Study: Long-established herbal remedies for insomnia

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Study: Long-established herbal remedies for insomnia
Study: Long-established herbal remedies for insomnia

Researchers note efficacy of these remedies could offer patients an alternative choice to medications

Chronic sleep deprivation affects one in three Americans and another 10 to 15% of the population has chronic insomnia.

Sleep disorders can greatly affect a person’s quality of life and have been associated to many diseases including depression, anxiety, high blood pressure, obesity, accelerated aging and depression.

Over-the-counter herbal remedies are often used to treat insomnia, but surprisingly, very little research has been done to test their effectiveness according to an article in Alternative and Complimentary Therapies, titled’; A Review of the Efficacy of Herbal Remedies for Managing Insomnia, published by Mary Ann Liebert, Inc., publishers.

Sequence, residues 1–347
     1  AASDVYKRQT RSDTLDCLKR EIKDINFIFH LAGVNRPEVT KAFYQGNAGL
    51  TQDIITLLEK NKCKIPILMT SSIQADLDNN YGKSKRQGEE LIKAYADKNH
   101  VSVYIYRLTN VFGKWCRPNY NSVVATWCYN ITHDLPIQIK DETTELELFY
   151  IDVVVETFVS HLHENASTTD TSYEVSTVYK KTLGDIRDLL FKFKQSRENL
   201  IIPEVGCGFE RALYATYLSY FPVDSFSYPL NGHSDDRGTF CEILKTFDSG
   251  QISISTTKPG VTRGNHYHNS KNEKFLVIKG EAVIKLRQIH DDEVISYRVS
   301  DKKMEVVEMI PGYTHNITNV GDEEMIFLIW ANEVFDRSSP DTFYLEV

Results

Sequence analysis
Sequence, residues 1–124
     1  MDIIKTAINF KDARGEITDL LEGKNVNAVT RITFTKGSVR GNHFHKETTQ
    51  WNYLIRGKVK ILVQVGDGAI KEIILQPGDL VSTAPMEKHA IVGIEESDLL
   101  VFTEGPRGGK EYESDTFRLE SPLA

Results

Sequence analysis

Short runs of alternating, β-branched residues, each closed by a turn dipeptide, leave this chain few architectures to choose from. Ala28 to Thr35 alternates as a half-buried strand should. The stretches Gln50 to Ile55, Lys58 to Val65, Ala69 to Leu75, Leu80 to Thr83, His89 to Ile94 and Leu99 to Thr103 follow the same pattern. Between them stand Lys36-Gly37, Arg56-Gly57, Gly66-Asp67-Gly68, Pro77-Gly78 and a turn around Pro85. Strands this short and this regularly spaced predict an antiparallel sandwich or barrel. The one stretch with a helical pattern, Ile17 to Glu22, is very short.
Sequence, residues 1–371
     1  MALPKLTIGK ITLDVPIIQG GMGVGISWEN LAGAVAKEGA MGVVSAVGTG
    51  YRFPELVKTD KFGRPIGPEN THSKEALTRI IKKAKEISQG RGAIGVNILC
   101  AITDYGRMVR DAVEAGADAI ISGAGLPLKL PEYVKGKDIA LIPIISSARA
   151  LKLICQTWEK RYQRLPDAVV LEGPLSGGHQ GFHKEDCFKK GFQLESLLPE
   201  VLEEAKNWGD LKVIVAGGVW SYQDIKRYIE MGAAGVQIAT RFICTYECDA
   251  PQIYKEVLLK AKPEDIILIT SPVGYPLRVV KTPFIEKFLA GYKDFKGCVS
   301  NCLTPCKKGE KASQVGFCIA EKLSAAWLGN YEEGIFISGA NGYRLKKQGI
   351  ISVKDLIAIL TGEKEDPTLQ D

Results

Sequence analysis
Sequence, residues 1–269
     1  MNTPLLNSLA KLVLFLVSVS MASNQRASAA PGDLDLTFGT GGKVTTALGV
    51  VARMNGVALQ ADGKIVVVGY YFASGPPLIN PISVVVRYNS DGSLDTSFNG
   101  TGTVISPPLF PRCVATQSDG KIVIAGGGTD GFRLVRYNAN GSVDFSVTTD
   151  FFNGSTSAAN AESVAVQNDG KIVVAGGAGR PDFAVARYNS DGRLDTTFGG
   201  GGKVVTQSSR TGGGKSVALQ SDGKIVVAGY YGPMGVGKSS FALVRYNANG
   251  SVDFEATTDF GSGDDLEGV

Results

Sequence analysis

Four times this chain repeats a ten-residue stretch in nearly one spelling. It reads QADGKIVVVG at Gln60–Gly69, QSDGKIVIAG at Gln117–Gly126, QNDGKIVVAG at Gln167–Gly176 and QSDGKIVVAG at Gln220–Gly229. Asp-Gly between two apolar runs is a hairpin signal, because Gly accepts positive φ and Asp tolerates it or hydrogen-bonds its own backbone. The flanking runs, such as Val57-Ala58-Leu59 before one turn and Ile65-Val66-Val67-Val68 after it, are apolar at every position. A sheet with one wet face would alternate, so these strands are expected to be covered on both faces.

The aim of the article was to review identified literature of the effectiveness of commonly used herbal medicines for insomnia.

People need many hours of sound, restorative sleep very night to maintain an optimal state of physiological and psychological health, but many factors can disrupt sleep schedules and compromise the quality of sleep.

Researchers conducted a search on the internet and electronic databases.

The literature found and reviewed by the researchers on herbal remedies commonly used to treat insomnia had included valerian, hops, kava-kava, chamomile and St. Johns wort.

Researchers had found that few scientific studies had been published that reported on the therapeutic potential and safety of these herbal remedies and the results were either inconclusive or contradictory.

The authors had concluded “Considering the rise in the use of CAM in general, it would seem appropriate that such preparations were assessed scientifically for their therapeutic potential and safety, especially considering the benefits that a natural-management strategy could offer patients with insomnia as an alternative to pharmacological interventions.”

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